“There’s never been such a difficult situation in Russia like there is today,” Rav Lazar stressed. “We’ve been through many challenges here. There’s been revolutions, difficult economic conditions – but there’s never been something of this magnitude. It’s incomprehensible. I keep trying to convince myself that this isn’t a dream, that it’s real and it’s actually happening.”

“Just a few months ago, I made a wedding for my daughter in Moscow with over 1,000 guests. No one dreamed we would reach such a situation, even in our worst nightmares.”

(YWN Israel Desk – Jerusalem)


  1. Rav Lazer says that Jews are suffering because they don’t have enough Matza for Pesach. Nothing about the murder and suffering of thousands of Ukraines. If he’s afraid of Putin why not just say nothing.

  2. @run1837 have you considered that if he speaks out more directly than this his life would be forfeited?
    By saying this, he allows everyone to know that he is not supporting Putin and letting you figure out the rest.
    That being said, there is a machlokes that goes back generations on what the appropriate response to such situations is, and I am not qualified to speak.

  3. Run1837, first of all war is not murder. The Torah endorses a king’s right to go to war, and Putin is definitely a king.

    Second, most of the article is about the suffering of the Jews in the Ukraine from the war conditions. That is not something to blame Putin for, but it’s something we must help them with, and he is doing that.

    Third, if you’re talking about the suffering of the Ukranians, rather than the Jews who live among them, that is NONE OF OUR BUSINESS. The Ukranians deserve everything they are getting, and we should not lift a finger to protest.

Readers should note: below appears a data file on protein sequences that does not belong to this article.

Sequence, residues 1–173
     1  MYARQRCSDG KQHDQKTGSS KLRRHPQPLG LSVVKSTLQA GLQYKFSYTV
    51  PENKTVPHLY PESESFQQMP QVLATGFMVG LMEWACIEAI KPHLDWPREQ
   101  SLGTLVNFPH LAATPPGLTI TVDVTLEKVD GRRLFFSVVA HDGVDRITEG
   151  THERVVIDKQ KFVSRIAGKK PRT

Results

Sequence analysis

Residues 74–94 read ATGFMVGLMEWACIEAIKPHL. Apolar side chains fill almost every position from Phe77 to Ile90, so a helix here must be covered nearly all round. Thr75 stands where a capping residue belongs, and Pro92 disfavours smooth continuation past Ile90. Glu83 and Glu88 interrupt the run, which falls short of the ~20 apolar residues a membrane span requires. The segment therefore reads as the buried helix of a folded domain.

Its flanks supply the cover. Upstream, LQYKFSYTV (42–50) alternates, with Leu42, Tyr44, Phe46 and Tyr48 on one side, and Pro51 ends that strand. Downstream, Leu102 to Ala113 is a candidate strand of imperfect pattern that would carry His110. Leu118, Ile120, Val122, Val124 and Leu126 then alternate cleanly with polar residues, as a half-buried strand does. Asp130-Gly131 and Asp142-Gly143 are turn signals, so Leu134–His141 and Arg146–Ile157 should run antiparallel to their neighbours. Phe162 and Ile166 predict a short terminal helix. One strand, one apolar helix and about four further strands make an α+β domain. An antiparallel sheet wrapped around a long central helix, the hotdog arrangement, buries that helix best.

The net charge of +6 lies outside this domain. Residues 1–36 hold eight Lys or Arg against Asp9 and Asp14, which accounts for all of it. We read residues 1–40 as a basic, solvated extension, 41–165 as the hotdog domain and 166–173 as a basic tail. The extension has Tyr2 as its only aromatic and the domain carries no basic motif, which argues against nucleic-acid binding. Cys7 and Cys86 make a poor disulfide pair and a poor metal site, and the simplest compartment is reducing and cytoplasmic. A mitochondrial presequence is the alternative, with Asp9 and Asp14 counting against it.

Fourth, Chabad does not get involved in politics. That has been the policy for over 100 years. The previous Rebbe said the movement is “bezparteine” — nonpartisan. Who is right or wrong in the war is a political question and therefore Chabad does not take a position.

    fakenews, he is not supporting Putin but he’s also not opposing him. As he said, he’s not getting involved in politics. What his own thoughts are neither you nor I know. He may well privately support Russia, but as a Chabad shliach that is not a position he can take publicly. But either way, the main thing is to help the Jews who are caught in the middle, without regard to their opinions or anyone else’s.

  4. While it is a hard question about working with the malchus rashia to help Jews there, this is a bad turn of phrase
    >> to protect the Jews in Ukraine and the mekomos hakedoshim.
    equating protecting graves with protecting Jews from falling into graves from bombs of your benefactor.

    The question is about working for the benefits of Jews in Shushan (other than helping them to run away) … They are currently free to leave, many left before. So, those who still stay, or came back after living in other places, do we still wait for them to do teshuva?